It’s coming up to my 15 year wedding anniversary.
We honeymooned in Canada and then Alaska, as we wanted quite an active holiday. I was at a point in my life where I was shunning beach holidays as I preferred a faster pace experience. (These days my life is a lot busier with kids and running my own business, so now I relish a lazy beach holiday).
Pre-wedding and honeymoon I recall very clearly looking at our Lonely Planet guide section on ’flora & fauna’, marvelling at all the wildlife in Alaska. I recall reading one particular passage of the book to my soon-to-be husband on brown bears. The book predicted the likelihood of seeing a bear was incredibly remote but we both still hoped to see one. We also joked that perhaps we didn’t want to see one because of the danger.
So we’re in Alaska and decide to go kayaking. The waters were expansive and interspersed with small bits of land and forest. It was great fun and utterly breath-taking scenery.
As we navigated through the water we came to a clearing and in the distance we saw a brown bear with a cub. Potentially a very dangerous situation, but we were far enough away not to get too concerned, but my adrenaline was still pumping I can tell you.
Mother bear proceeded to rear up on her hind legs to take a look at what was going on around her, or now that I think about it, maybe she was testing for any new scents in the air. It was a truly, -once in a life time- magical moment.
So is this just a cool story about a scary but exciting encounter with a bear?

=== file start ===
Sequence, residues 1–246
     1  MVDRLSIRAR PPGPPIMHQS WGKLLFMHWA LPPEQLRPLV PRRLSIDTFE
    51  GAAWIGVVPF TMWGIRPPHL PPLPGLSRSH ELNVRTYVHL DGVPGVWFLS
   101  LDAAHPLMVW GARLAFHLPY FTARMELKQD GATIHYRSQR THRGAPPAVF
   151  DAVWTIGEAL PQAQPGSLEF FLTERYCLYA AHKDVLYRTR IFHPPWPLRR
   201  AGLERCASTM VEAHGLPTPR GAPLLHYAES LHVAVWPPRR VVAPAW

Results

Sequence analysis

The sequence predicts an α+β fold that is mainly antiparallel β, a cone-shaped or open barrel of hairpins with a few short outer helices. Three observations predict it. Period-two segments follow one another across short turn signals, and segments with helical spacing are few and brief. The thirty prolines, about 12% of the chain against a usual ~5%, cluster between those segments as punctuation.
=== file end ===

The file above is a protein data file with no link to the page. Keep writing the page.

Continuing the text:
We had a camera in the kayak. Our sighting of the bear was just a mere few seconds. There was a very clear and decisive moment where I decided not to grab the camera. Why? I wanted to fully experience the beauty of what was unfolding. I wanted to be in the moment.
Now our egos would have us think “Hey, I need to get a picture of this! So I can show everyone else.” My ego might also try and convince me that it was a way to capture the memory. But in that moment I made a very intuitive decision that the magic was happening right there in that moment, and that I would miss it if I started scrabbling around for a camera to catch the thing I would be entirely missing by my scrabbling around for the camera and worrying about getting a good shot.
In what I’m pointing to here, the bear is a bit of a red herring too. You see I have noticed a massive change in my day to day experience of life. I have slowed down immensely. I have become more present and relished the simplicity of the most basic things in my life. Yeah it was a very cool holiday but I know those moments in life when you get very present are golden, and can happen even when your washing dishes. We all do well to metaphorically ‘put the camera down’ and really engage with being present to the simple moments in our lives.